Informed Voters Project Hopes to Restore Accountability in Courtroom

In Slate’s Political Gabfest, Emily Bazelon admitted that judicial elections seemed to be the “most ignorant kind of voting” citizens engage in since “almost none of us know who we are voting for or follow the work of the court.”

The National Association of Women Judges (NAWJ) couldn’t agree more. That is why they launched the “Informed Voters, Fair Judges” project in 2014.

Spearheaded by former U.S. Supreme Court Justice Sandra Day O’Connor, the Informed Voters Project is a nonpartisan, voter education effort developed to increase the public’s knowledge of the judiciary. Lack of knowledge, the group argues, threatens fair and impartial courts, which are the cornerstone of American democracy.

The project was launched in 8 states around the country.

One of these states is California, where on November 4, voters will cast their ballots for State Supreme Court races, appellate seats, and district courts.

The NAWJ is working with local partners to educate voters about these races. In San Diego, for instance, the program director of the League of Women Voters (LWV), Jeanne Brown, is hard at work on these efforts.

Between local meetings and forums around the area, the coalition hopes they will be able to disperse the information about this new project.

“People ask all the time where they can get information about [judicial] races,” Brown said. Now, both the Informed Voters Project and smartvoter.org will make this job easier.

The biggest challenge, Brown acknowledges, will be to get citizens to go through the vast amount of information. She noted that although they can point voters in the right direction with where to get information, their organization was nonpartisan and therefore it was still up to the citizens to read up on the issues.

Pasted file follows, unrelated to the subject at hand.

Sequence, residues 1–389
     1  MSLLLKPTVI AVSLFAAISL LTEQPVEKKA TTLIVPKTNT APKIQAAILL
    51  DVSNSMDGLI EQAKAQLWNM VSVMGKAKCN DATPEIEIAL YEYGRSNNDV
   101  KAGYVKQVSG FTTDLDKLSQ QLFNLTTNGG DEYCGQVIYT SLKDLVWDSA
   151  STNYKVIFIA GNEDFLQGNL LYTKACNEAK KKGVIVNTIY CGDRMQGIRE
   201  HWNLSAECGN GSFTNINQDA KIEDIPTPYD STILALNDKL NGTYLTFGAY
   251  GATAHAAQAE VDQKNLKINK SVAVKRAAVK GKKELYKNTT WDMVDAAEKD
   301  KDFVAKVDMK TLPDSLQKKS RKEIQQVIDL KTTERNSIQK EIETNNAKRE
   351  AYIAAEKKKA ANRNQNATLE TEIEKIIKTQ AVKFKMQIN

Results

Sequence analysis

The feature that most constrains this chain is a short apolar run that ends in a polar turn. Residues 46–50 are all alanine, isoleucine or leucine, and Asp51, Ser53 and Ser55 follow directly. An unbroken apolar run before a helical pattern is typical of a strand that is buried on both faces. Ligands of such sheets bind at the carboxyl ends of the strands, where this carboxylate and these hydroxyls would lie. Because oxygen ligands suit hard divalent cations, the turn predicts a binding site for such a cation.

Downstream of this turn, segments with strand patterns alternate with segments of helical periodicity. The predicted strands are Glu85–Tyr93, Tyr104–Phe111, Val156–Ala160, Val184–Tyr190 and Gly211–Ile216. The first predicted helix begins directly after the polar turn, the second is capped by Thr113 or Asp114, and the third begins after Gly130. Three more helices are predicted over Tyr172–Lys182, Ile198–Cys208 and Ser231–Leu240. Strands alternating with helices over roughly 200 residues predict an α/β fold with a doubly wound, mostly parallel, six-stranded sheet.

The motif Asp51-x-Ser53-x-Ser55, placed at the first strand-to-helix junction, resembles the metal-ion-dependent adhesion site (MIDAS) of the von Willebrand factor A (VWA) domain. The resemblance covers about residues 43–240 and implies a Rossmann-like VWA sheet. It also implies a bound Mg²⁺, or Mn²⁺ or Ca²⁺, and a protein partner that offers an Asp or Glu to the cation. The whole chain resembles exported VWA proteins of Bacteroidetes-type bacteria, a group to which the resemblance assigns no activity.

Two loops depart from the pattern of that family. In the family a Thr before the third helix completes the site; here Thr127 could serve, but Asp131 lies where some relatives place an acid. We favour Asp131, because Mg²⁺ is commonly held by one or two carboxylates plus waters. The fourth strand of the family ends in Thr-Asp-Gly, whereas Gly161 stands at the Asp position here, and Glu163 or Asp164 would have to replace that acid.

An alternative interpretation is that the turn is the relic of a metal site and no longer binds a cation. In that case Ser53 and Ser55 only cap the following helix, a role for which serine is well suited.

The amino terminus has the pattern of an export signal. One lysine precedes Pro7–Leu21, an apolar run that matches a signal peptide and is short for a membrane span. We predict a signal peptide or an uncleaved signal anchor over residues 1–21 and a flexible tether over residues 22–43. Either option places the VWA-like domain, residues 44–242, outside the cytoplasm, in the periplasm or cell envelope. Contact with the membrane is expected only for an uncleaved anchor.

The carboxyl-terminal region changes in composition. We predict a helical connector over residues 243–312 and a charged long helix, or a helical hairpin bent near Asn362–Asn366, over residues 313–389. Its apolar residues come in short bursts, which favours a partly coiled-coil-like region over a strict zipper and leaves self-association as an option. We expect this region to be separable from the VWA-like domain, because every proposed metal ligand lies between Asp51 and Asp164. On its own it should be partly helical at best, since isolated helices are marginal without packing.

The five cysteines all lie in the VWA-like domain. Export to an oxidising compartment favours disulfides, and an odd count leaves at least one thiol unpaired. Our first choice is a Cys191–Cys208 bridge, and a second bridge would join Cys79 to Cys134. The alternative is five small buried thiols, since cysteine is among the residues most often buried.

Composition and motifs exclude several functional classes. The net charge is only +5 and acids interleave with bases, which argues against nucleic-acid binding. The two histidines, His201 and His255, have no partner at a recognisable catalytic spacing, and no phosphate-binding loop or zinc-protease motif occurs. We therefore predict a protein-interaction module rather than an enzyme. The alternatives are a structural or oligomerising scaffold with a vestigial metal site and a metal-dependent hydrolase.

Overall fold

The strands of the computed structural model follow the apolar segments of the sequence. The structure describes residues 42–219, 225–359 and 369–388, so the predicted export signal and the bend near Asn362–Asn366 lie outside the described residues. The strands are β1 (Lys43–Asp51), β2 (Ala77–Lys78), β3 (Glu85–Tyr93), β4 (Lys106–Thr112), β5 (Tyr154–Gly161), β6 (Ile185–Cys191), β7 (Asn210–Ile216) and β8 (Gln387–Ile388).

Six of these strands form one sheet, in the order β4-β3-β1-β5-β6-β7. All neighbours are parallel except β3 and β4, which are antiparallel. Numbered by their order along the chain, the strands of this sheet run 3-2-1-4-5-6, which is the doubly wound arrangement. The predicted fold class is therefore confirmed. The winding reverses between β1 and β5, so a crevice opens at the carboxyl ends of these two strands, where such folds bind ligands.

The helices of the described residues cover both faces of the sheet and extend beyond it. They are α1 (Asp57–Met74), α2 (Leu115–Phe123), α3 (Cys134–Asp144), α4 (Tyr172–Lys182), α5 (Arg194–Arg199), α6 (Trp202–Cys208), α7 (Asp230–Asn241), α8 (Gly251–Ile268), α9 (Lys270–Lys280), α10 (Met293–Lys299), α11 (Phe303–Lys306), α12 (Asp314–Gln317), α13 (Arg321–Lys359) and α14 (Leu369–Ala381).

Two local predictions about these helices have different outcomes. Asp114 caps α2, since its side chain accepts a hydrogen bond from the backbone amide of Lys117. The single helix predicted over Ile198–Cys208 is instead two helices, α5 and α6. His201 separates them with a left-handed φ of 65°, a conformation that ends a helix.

In 2010, 3 Iowa judges who ruled to extend the right to marriage lost re-election after $1 million flowed into the state from national groups.
This topic, though, has never been more important, as more money than ever is being dedicated to judicial races. Donors believe they can get “big bang for their buck” by investing
“a few measly million bucks to buy a judge’s robe.” According to Dahlia Lithwick, this is much cheaper than, say, a Senate campaign, but buys enormous influence.

This kind of influence became evident in November 2010 after the Iowa State Supreme Court ruled on gay marriage. Three judges who ruled to extend the right to marriage lost re-election after $1 million flowed into the state from national groups.

The same kind of politicization threatens to have an impact on Tennessee races where 3 justices, appointed by a former Democratic governor, are under attack by the Republican Senate speaker, Ron Ramsey. Both sides are gearing up major campaigns, turning these judicial retention elections into spending races.

What may result is a loss of judicial independence and integrity.

For all these reasons, the Informed Voters Project, which also has a branch in Tennessee, is that much more important in the 2014 election cycle. As a nonpartisan group educating voters, they have the ability to influence elections through the distribution of knowledge, not dollars.

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